By Sue Grafton
A spiderweb of risky relationships lies on the middle of V is for Vengeance, Sue Grafton's bold new Kinsey Millhone novel.
A lady with a murky prior who kills herself-or used to be it homicide? A spoiled child awash in playing debt who thinks he can beat the procedure. a beautiful girl whose existence is set to splinter right into a thousand fragments. a qualified shoplifting ring operating for the Mob, racking up thousands from stolen items. A wandering husband, wealthy and ruthless. a grimy cop so entrenched at the strength he's proof against publicity. A sinister gangster, conscienceless and brutal. A lonely widower mourning the demise of his lover, determined for solutions, that may be worse than the discomfort of his loss. a personal detective, Kinsey Millhone, whose thirty-eighth-birthday present is a punch within the face that leaves her with black eyes and a busted nose.
And a chic and robust businessman whose dealings are certainly open air the legislation: the magus on the middle of the web.
V: sufferer. Violence. Vengeance.
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Extra resources for V is for Vengeance (Kinsey Millhone, Book 22)
These also are not proposals for evidence-based policy-making. III. Evidence-based policy-making? It may simply have been unrealistic to imagine that the Labour government would take its evidence-based policy rhetoric seriously in relation to crime. Rightly or not, like it or not, Labour in the early 1990s saw its weak anti-crime credentials as an electoral handicap and resolved to adopt Bill Clinton’s approach to crime policy: never let the conservatives get to your right (Downes and Morgan 2002).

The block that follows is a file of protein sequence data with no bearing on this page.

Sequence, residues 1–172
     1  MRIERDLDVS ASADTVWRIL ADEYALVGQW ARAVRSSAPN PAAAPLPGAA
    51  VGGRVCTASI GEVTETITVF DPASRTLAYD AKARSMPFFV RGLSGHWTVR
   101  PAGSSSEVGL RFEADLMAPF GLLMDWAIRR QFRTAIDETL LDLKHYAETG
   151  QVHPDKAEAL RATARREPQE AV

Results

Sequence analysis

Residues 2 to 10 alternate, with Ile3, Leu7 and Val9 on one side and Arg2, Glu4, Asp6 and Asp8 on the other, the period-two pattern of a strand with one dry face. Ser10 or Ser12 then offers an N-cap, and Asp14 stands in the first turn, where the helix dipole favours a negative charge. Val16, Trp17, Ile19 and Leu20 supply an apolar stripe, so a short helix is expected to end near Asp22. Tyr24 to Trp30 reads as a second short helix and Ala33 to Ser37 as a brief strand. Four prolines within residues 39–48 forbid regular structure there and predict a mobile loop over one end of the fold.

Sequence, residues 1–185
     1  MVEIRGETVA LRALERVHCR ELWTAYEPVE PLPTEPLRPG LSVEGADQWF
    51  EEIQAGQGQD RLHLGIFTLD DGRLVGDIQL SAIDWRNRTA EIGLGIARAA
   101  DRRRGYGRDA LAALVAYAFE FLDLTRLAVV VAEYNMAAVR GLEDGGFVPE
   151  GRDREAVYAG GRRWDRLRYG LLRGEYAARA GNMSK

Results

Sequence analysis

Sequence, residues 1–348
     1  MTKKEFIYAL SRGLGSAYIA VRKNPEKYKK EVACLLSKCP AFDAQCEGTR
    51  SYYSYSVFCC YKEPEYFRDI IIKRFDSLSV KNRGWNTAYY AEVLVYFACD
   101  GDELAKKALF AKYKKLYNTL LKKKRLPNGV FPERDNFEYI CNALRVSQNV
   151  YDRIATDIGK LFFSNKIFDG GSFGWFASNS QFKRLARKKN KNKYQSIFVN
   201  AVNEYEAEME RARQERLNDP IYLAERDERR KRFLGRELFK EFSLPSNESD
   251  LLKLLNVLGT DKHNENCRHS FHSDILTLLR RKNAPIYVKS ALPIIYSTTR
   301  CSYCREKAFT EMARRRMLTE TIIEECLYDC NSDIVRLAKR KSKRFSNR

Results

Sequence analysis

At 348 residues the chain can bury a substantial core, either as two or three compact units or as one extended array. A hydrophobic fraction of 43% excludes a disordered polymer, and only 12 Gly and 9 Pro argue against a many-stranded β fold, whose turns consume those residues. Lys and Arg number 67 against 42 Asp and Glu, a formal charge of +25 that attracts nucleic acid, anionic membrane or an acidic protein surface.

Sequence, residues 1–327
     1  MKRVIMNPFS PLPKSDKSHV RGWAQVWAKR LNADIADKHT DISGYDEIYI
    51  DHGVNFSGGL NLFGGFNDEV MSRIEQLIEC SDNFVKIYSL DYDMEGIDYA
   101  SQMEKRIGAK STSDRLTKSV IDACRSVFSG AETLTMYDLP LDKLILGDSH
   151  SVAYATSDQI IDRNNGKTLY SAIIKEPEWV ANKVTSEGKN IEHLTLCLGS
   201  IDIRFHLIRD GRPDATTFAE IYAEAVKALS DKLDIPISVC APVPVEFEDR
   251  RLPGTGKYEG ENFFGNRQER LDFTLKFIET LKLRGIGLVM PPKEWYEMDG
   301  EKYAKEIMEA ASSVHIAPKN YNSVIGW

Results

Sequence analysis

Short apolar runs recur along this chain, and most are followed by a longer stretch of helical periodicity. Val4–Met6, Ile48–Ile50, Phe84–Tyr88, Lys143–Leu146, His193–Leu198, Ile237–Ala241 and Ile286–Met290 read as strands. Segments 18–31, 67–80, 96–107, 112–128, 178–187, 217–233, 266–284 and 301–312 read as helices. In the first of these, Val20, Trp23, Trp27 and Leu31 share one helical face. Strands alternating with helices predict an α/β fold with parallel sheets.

While the focus of the study was on the group’s experience of treatment, respondents were also asked about their involvement in crime. Most of the sample had criminal records, usually long ones. The start of their criminal career more often than not predated that of the problematic drug career: a minority (36 respondents) said that their criminal careers had been prompted by drug use. Although most were involved in acquisitive crime before they started using crack, the drug led to very steep increases in offending rates and broadened the range of offences they committed.
The largest relevant research study is the NEW-ADAM survey (Bennett 1998, 2000; Bennett et al 2001) which drug-tests and interviews samples of arrestees. The latest sweep of the survey found that 65 per cent of all arrestees tested (1,435) were positive for some form of illicit drug, with 24 per cent testing positive for opiates and 15 per cent for cocaine. The average weekly expenditure on drugs, for heroin and crack/cocaine users, was £290. The main sources of illegal income during the last 12 months were property crime (theft, burglary, robbery, handling stolen goods and fraud/deception) followed by drug dealing and undeclared earnings while claiming social security benefits.